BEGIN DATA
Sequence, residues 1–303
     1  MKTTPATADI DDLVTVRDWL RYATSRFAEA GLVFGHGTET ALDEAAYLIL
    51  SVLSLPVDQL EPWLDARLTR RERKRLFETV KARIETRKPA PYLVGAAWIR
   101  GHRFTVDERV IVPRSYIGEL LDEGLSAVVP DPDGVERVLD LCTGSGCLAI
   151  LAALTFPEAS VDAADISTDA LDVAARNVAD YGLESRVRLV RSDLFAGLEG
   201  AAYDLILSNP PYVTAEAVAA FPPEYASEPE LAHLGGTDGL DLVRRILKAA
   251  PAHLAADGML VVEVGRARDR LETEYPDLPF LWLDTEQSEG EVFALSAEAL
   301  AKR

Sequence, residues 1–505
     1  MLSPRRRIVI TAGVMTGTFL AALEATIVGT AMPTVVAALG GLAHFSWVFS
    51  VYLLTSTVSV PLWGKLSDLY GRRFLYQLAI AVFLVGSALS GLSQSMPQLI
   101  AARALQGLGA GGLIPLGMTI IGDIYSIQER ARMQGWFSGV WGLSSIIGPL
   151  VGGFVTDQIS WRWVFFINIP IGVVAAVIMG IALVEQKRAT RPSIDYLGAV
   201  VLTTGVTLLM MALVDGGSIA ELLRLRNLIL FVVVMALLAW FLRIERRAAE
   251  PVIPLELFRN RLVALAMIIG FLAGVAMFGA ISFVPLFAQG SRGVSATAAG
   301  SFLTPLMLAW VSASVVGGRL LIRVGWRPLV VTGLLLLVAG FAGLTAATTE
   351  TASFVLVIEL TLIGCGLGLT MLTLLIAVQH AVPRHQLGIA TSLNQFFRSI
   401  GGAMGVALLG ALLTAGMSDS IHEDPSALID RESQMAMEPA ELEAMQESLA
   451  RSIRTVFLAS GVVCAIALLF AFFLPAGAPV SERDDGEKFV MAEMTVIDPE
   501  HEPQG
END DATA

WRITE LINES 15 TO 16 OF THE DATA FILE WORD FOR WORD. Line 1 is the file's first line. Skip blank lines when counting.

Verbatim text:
   251  PVIPLELFRN RLVALAMIIG FLAGVAMFGA ISFVPLFAQG SRGVSATAAG
   301  SFLTPLMLAW VSASVVGGRL LIRVGWRPLV VTGLLLLVAG FAGLTAATTE